In this new era of marijuana culture, where public acceptance outweighs the stigmas of prohibition, many of the new trends within the industry focus on “high-end,” top-of-the-line products like $300-something vaporizers and fine concentrates that require a down payment to dab.
But what about the humble tools that got us to this point? Before there were specialized accessories for each need, stoners once had to be resourceful, using whatever household items were lying around to fulfill the duties of smoking paraphernalia.
Among the most versatile of all makeshift smoking tools is the paper clip — a thin, twisted piece of metal traditionally used to hold documents together. The handy little office supply can do so much more than help with your filing and presentation needs, though.
To this day, I keep a paper clip or two tucked into the cuff of my jeans or clipped to the side of my hat because when they’re in my pocket, they get tangled up with lint or poke my fingers when instinctively reaching for my vibrating phone. It’s a system that works by reducing injury and increasing productivity.
I was taught very early on in my smoking career that paper clips made for the perfect roach clip, or poker to clean out an ashed bowl pack. But years of experience and experimentation have led me to realize those were just the tip of the iceberg, as the simple little contraption can do far more for us than we give it credit for.
To ensure you’re getting your penny’s worth with each paper clip, let’s run through the most useful ways you can put your clips to work, from the most obvious to the most obscure.
Though years of burning blunts to the bone for efficiency’s sake has left the tips of my thumbs and index fingers somewhat numb to fresh incineration, it’s always nice to use a roach clip for the normal humans in your smoking circle. You can get creative with how you transform your paperclip into a roach clip, as long as it tightly secures your blunt or joint and creates some separation from your delicate digits. But if you’re caught stabbing the clip through the joint and creating unnecessary airflow because you’re a bad bender, you’re out of the group.
Many people prefer bowls as their primary smoking apparatus, but if you pack your bowls tight, you know ashing them can be a sticky situation sometimes. While in a perfect world, gravity would do its damn job and empty the burned remains when you turn the bowl upside down over the ashtray, sometimes you need a skinny steel assistant to get to the tricky angles and small debris. Whether you’re using a straightened-out end of the paperclip to clear out the hole in the bowl, or using a curved end to scoop out some accumulated resin, the multipurpose tool will keep your bowl session-ready at all times.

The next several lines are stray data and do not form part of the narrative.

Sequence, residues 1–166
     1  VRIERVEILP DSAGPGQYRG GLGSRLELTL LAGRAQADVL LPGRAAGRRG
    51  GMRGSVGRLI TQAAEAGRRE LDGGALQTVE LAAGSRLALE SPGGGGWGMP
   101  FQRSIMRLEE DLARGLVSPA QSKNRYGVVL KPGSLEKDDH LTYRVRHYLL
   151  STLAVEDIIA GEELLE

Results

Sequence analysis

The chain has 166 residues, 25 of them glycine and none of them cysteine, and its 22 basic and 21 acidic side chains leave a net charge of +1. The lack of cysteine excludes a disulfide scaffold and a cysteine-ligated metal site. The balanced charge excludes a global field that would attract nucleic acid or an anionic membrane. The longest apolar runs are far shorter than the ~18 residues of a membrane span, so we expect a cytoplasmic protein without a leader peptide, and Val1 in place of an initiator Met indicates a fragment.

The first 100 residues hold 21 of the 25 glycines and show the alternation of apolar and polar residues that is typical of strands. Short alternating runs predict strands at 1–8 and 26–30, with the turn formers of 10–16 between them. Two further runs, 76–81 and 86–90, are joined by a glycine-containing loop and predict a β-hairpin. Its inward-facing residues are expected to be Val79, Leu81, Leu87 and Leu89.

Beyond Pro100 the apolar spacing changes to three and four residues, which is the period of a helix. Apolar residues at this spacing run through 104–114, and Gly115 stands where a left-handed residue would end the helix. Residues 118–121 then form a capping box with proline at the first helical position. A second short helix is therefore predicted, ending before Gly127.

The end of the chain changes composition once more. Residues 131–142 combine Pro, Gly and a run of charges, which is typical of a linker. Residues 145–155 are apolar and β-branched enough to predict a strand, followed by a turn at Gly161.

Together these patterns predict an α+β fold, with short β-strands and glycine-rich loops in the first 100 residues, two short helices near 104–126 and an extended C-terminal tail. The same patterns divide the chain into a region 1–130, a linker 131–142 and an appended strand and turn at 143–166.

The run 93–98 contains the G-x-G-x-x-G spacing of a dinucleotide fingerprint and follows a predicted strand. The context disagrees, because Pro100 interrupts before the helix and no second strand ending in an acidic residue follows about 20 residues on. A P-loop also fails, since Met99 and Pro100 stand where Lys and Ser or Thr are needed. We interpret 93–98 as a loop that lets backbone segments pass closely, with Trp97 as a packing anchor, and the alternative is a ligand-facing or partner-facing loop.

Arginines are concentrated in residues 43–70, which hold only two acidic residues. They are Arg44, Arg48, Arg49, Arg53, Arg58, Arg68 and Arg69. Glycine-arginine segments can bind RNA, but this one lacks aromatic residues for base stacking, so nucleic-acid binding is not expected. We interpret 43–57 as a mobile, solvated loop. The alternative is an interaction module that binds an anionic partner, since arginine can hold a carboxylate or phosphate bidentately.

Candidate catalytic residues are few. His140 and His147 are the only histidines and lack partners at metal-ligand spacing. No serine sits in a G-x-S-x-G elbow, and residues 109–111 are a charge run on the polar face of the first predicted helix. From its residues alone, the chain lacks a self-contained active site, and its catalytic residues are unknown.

After long periods of repetitive use, glass breaks down, especially when heated all the time. Because of this, the holes inside of bowls or bong slides can grow larger over time. While brass or copper screens can be utilized, they tend to get lost, so the paperclip can act as a great replacement screen to keep your precious buds from diving straight into the water below before they can be smoked. Completely straighten out your clip and then coil it up into a spiraled circle that will fit the diameter of your bowl piece. Then, once the screen is placed in the center of the bowl, use your thumb to push the center of the screen down to create more of a cone shaped screen to allow for maximum packing and airflow.
Just because you’ve been using your paperclip for flower-related purposes doesn’t mean your favorite little tool can’t make the switch to concentrates with you. Quite the contrary, you can use your trusty paperclip as a makeshift dab tool when you can’t find your overpriced samurai sword dab tool that cost way more than it should have. I like to put a different oil on each end of the paperclip and have a Darth Maul-type hybrid dab situation.
When your dab sesh is over, the paperclip can be used for typical keeping-paper-held-together activities, such as maintaining the closed nature of your wax envelope so the whole gram doesn’t melt in your pocket.
Lighter theft is one of the most far-reaching crime epidemics we face on Earth, though it is ignored by the mainstream news media. I’ve bought thousands of lighters in my life and don’t think I’ve used a single one of them more than three times. But until we solve the global lighter stealing dilemma, paperclips can help you light a joint in a pinch, as long as there’s a battery nearby.
Provided you and your friends can actually find the TV remote, pop one of those batteries out. Straighten out one end of your paper clip and touch it to the middle of the positive end of the battery. You’ll notice the tip of the paper clip get red-hot. You can use this piping paperclip to light a joint or to spark a match, which could be used to light a bowl or bong. Please be careful.
For our cannabis cultivators out there, we have some paperclip pro-tips for you, too. In the early stages of your grow, bending the stems of your plant to make room for more offshoots and to increase light exposure is great for your ultimate yield. You can straighten the paperclips and then bend each end into a wide curve to be used as a harness, holding two branches together. Bending the branches throughout the vegetation stage will strengthen the inner-tissue of the branches as well and give you a stronger plant overall. When the crop is ready to be harvested, the paperclip harnesses can again be used to hang your branches while they cure.
The paperclip is surely one of the unsung heroes of cannabis culture, as many have had to use one in a time of need at some point. Keep a box handy at your house and a few of them on your person at all times to ensure you’re never caught lacking in a smoking scenario.
Let us know how you use your paperclips in the comment section below, fellow Marijuana MacGyvers.